For Mongi omkhulu Leita Phakathi and Tata Madiba (Nelson Mandela)
December 16, 2013
“Ukufa yinto engenakuthiwani bani. Xa umntu sele elufezile olwakhe ugqatso, elusebenzele uluntu nelizwe lakhe, anganduluka aye kuphumla ngoxolo. Ndiyakholwa ke ukuba ndizenzile ezo nzame, kwaye kungoko ke, nam ndiya kulala ukuthula.”
(“Death is something inevitable. When a man has done what he considers to be his duty to his people and his country, he can rest in peace. I believe I have made that effort and that is, therefore, why I will sleep for the eternity.”)
I woke up this morning thinking of two people, Tata Madiba and Dialiita Leita Phakathi. One was an international icon, a Nobel Peace Prize Winner, and a former president and the other was an unknown domestic without a husband or children. Both of them were born in South Africa and were Xhosa. He was born into the Thembu royal family, attended the Fort Hare University and the University of Witwatersrand. She never finished high school though she, like him, wanted to study law and work for her people. I have never met either one of them but both have influenced my life in ways I could have never imagined.
II. LEITA PAKATHI
In 1995, I led a group of college students to South Africa to work in Acornhoek, building houses and teaching children. We knew that Nelson Mandela had been free for three years and that he had been working with de Klerk to organize a democratic election in the country. We were excited and anxious to see if and how the country had changed since his release. There were ten of us in the group: seven African Americans (six women and one man), two white women, and one Asian American man. When the plane landed in South Africa, we clapped and cheered as some people kissed the ground and others begin to cry. Our host was Geoff Phakathi, a South African freedom fighter, a teacher, and a self-proclaimed rebel. He was six-feet tall and had a loud voice and a delightful habit of saying “boom” at the end of every sentence that he thought was significant. “We will have democracy in this country or we will all die trying. Boom!” or “I will drive you by Winnie’s house and if you yell loud enough she just might come out and tell us to go away. Boom!” I loved him as soon as he started calling me sister and welcoming me home. “Since you black Americans don’t know where you’re really from,” he told me, “you might as well claim South Africa. Boom!” He took us everywhere, from the shanty towns of Soweto where we witnessed cows and children drinking from and using the bathroom in the same stream to the all white neighborhoods of Johannesburg where most of the houses had an armed black guard sitting at the front gate. Right before we left the country, after introducing us to Nadine Gordimer and some of his fellow rebels, he told me that he needed a favor. His sister, Leita, had passed away many years ago and instead of throwing her passbook into the fire, he had decided to keep it as a way to remember her. He wanted me to take it back to America, a place where she had always dreamed of visiting. He said that I reminded him of her and that I was doing and had done so many of the things that she had always talked about. “Keep her memory alive,” he said that night while wiping tears from his eyes, “and if there are times in your life when you think of giving up and letting go, think of Leita, and just hold on a little bit longer because help is on the way. My sister wanted to be there when Madiba was released so she could greet him and thank him, since she couldn’t, I did it for her. Every time I thought about letting go, I thought about Leita and just held on a little bit longer.” I keep her passbook on my wall as a reminder of what true struggle looks like and what it means to hold on just a little bit longer.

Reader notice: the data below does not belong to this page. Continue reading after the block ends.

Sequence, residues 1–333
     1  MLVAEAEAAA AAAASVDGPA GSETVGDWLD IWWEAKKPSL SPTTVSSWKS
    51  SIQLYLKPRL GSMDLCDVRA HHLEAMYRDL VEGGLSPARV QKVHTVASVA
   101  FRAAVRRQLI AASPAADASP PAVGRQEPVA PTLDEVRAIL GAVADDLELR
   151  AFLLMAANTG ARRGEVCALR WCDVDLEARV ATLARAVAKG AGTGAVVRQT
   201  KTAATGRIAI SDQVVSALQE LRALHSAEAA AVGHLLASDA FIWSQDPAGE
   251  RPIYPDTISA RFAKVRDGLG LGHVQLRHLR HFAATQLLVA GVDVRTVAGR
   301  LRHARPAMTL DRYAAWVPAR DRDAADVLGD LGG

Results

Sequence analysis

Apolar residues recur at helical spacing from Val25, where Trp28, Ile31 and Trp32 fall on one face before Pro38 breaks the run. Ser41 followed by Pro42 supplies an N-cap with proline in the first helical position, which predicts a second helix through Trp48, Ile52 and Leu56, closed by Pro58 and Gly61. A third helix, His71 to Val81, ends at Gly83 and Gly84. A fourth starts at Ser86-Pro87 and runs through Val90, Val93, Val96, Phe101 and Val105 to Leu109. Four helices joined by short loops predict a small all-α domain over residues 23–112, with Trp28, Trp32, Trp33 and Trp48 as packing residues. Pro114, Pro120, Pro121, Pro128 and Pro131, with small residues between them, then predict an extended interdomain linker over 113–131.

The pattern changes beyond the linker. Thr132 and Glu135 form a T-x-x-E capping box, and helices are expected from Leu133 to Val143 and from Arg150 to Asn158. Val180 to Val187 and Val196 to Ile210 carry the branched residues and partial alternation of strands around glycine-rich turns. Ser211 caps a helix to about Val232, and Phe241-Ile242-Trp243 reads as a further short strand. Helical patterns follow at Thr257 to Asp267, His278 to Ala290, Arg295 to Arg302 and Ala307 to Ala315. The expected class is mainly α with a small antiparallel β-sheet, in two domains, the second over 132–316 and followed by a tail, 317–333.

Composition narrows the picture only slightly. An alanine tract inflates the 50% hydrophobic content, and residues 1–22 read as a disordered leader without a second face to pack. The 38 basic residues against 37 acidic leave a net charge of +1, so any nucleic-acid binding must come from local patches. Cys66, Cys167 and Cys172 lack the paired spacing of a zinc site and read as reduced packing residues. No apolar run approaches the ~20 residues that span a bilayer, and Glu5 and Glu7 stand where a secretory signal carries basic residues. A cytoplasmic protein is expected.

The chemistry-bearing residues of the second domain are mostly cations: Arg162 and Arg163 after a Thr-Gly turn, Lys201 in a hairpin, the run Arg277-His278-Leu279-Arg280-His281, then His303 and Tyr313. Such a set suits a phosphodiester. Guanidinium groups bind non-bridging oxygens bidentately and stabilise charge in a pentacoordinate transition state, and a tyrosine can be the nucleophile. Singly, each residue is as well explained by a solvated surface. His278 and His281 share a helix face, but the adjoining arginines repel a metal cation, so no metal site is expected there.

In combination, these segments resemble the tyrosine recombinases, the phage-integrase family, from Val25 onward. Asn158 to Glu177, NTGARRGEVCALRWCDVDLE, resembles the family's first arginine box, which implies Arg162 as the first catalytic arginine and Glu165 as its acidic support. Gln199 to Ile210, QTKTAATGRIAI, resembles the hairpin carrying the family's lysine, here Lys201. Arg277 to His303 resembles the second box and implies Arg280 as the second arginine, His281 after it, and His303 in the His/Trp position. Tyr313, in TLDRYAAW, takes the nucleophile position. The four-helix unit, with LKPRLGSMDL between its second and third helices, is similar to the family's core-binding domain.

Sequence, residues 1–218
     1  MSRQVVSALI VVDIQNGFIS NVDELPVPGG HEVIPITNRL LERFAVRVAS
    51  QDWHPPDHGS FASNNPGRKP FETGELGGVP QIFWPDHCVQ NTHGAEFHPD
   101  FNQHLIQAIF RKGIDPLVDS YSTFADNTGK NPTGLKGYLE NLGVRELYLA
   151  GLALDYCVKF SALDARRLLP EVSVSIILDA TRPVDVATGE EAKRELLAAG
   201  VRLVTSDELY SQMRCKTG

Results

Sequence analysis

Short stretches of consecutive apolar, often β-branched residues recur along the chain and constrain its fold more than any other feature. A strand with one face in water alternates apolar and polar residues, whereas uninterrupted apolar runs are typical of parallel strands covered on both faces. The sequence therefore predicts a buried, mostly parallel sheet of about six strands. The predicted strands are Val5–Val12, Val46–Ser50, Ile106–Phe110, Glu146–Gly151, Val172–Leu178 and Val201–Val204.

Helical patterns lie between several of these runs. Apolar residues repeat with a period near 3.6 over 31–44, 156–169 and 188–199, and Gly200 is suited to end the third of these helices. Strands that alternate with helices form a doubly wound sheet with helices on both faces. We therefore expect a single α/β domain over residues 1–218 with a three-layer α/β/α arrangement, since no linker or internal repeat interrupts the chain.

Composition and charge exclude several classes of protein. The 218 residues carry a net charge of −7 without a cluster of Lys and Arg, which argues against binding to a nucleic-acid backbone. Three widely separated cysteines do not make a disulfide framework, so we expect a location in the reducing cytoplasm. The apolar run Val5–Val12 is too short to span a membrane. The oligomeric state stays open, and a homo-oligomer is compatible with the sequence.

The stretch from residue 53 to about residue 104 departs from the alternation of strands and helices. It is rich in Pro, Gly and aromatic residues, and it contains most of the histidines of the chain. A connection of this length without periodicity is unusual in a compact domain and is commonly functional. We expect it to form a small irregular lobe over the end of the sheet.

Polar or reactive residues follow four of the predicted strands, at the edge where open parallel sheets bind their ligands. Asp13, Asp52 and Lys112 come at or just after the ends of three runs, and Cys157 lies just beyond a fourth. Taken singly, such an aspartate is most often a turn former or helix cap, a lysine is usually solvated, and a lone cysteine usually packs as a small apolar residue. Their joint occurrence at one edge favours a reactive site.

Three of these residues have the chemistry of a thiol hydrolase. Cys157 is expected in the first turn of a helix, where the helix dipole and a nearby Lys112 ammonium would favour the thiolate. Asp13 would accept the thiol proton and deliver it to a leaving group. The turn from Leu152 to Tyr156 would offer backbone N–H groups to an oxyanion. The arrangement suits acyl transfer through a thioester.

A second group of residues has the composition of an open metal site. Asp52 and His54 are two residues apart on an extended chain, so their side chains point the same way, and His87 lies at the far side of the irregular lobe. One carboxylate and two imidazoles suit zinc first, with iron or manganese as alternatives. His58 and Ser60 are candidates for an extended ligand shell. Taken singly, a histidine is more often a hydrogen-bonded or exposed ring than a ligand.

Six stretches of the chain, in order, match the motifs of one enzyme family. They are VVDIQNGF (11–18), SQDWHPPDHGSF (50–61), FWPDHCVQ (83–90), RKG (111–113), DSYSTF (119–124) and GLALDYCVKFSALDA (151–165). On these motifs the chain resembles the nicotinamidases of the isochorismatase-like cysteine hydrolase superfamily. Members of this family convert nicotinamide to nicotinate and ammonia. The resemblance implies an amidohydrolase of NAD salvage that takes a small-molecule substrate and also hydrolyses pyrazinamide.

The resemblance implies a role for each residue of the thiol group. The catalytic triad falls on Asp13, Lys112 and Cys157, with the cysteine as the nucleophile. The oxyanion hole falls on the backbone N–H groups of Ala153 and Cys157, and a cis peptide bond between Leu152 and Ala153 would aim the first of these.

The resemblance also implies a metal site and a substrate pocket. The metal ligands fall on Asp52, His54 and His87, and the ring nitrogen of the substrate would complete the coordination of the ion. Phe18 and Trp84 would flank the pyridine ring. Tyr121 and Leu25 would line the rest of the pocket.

III. TATA MADIBA